Unsprung & Rotating Weight

Billy_the_Kid

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Everyone knows the importance or advantage of building race vehicles light weight, but does anybody know of any actual tests that have been conducted to derive some sort of formula or get some hard data to support that? Here's what I mean. Coming from an asphalt circle track background, I was taught that removing 1 pound of unsprung weight (spindle, brake caliper, etc.) was the same as removing 4 pounds of sprung weight. And that removing 1 pound of rotating weight (crankshaft, flywheel, etc.) was like removing 10 pounds of non-rotating weight. And that when you combined the two, removing 1 pound of unsprung rotating weight (tire, wheel, brake rotor, etc.) was the same as removing 40 pounds of sprung non-rotating weight.

However, I have never been able to find any hard data or formulas that support these theories. It's easy to find stuff that says lighter is better, but that's about it. I'm also curious if everyone thinks this is a real important issue with off-road and desert racing, as much as it is to the asphalt circle track guys. Cause to them it's extremely important. Heck, we used to gun drill all our wheel studs for goodness sake. (I always thought that was like splitting hairs, but everybody else ended up doing it too)...

Also, with all this in mind, are there any Trophy Trucks or Class 1's that run the carbon/carbon or carbon fiber rotors? or inboard brake systems like on Chapman's Lotus cars? Or is all that too expensive compared to it's benefit even for a TT? Someone said in a different post that with the new 39" tires there was a lot of gyroscopic force when you are spinning a 100 lb. tire and wheel at 130 mph. WOW, that seems unbelievably heavy. Is that really necessary to have them that big? If you could cut 10 pounds off per wheel that's like (based on the above formula) taking 1600 lbs off the truck!!
 

FABRICATOR

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Unsprung weight is important off road. The trucks are pretty much on par with round-y-round cars if you consider the ratios. A 6000 pound truck with 600 pounds of junk going up and down in the rear is not a bad ratio. This is about 10% of the vehicle weight for the axle or 5% per corner. IRS can be much less.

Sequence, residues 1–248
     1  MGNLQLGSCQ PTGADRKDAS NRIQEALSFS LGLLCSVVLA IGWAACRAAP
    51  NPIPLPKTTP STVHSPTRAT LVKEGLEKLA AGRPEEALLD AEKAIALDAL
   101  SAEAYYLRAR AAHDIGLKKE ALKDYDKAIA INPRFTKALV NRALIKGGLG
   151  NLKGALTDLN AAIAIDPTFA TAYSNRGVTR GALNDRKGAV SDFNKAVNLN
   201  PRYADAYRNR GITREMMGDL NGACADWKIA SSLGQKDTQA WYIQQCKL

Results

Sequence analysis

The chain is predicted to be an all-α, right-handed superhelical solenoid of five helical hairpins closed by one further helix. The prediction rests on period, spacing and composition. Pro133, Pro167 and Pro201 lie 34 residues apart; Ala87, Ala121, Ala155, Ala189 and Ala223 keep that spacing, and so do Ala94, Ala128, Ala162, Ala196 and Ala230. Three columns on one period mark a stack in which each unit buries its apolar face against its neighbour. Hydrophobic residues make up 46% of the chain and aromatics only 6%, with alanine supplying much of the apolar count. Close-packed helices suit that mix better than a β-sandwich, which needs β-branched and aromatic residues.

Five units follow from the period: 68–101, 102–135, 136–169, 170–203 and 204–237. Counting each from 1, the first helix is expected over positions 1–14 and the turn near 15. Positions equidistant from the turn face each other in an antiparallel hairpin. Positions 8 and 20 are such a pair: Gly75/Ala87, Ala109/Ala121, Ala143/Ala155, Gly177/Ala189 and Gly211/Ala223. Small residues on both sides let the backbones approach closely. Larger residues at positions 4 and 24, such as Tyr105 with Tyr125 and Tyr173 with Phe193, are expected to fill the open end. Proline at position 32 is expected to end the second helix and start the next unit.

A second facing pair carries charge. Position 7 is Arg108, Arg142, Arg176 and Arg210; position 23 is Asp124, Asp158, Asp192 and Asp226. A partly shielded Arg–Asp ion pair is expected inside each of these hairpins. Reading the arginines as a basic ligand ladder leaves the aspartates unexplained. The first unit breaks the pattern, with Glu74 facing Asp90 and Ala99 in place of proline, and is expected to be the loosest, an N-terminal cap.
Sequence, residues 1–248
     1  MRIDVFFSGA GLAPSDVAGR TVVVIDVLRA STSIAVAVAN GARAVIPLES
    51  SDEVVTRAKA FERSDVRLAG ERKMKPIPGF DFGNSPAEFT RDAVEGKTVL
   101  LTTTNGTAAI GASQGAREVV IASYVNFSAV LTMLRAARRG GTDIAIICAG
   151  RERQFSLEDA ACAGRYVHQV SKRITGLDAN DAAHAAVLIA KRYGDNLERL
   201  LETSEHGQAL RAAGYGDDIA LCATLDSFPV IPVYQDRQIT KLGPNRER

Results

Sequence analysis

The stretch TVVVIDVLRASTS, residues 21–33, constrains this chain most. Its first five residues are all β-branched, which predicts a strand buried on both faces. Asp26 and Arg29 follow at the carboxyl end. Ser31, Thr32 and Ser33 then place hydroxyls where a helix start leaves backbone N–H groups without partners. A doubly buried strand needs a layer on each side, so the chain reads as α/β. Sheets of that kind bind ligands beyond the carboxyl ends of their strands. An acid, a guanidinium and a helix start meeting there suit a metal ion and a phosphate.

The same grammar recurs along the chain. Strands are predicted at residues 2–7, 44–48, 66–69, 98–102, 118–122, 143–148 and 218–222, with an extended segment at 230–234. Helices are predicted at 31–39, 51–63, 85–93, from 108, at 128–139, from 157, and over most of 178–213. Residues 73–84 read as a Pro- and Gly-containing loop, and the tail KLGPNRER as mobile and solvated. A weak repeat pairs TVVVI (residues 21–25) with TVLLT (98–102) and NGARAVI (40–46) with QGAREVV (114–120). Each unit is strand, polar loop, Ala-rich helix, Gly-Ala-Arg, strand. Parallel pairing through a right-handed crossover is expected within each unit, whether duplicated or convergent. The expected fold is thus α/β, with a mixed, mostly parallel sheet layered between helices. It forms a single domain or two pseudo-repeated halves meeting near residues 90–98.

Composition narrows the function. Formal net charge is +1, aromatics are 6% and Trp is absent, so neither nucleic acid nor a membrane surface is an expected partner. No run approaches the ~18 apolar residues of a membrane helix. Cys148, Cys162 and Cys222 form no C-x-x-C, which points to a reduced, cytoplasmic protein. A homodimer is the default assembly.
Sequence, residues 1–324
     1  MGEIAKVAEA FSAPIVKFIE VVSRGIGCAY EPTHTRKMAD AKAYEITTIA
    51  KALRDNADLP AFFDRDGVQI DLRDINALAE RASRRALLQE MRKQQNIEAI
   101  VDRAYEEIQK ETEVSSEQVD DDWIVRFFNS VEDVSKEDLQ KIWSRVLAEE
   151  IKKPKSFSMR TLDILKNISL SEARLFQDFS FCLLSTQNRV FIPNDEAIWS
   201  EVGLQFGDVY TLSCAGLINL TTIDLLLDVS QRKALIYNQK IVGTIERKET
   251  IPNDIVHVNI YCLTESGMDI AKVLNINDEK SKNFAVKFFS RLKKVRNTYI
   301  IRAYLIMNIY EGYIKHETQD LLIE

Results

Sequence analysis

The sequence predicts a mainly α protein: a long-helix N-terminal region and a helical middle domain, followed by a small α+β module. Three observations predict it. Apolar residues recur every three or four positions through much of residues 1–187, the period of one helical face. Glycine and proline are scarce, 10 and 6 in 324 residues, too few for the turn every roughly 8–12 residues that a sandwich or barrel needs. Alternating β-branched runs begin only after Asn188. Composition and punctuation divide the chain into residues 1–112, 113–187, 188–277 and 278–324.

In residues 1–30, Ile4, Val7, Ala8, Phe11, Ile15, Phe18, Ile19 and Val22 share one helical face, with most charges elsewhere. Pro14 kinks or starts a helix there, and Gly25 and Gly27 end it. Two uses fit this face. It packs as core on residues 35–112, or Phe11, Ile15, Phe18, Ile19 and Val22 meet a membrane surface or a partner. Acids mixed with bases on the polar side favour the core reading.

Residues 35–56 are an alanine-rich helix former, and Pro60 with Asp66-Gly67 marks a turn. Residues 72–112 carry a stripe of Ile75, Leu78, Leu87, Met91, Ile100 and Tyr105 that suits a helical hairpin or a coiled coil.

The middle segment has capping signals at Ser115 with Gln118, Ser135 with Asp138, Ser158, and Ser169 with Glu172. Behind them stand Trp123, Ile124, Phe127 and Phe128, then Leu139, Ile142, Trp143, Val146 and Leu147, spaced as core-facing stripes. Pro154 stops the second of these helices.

Rotating weight is more related to vehicle acceleration and deceleration. This is not a huge factor off road. What most don’t realize is how much rotating mass, from the engine out, affects driveline stress and failure. Like the saying "It's not the fall that hurts, it’s the sudden stop;" high rotating speed of driveline components creates a lot of potential energy.

Carbon/carbon brakes are few to none off road because of the expense and abuse. There are some titanium rotors and brake hats out there. The Ti hats are more to keep some of the heat from getting to the hubs than saving weight. There have been some inboard mounted disc brakes on IRS cars.

A 39” tire is worth it as long as the vehicle is big enough and heavy enough. A good example of this is driving over potholes. Every inch of increase of tire diameter makes a very big difference in reaction; same thing with bumps. Try hitting a Mexican style pothole in a VW Rabbit some time.
 

Dave_G

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RE: "the bigger the tire, the smaller the hole. "

That's true but the real issue has more to do with running over rocks at higher speeds without getting flats. The 39" tires have a larger volume of air to allow the tire to deform more to suck up the rocks as well as give a larger foot print for traction while running 27 pounds of air pressure. Another misconception about the 39" tires is that they weigh more than the 37's. That's not true. The 39's don't require a liner and they are actually about 7 lbs lighter when mounted.

As far as weight on a TT goes it's not that big of an issue. Ask some of the most winningest drivers out there, Ashley, Herbst, etc. they'll all tell you that light would be nice like in asphalt racing but it's just a pipe dream and doesn't work in off road. Some of the lightest TT's running have severe issues with reliability and end up DNFing a lot. Also, take note that the heaviest trophy truck in the entire fleet of SCORE vehicles won the TT points championship last year and is on it's way to another championship this year after winning the last two races overall.


Dave
 
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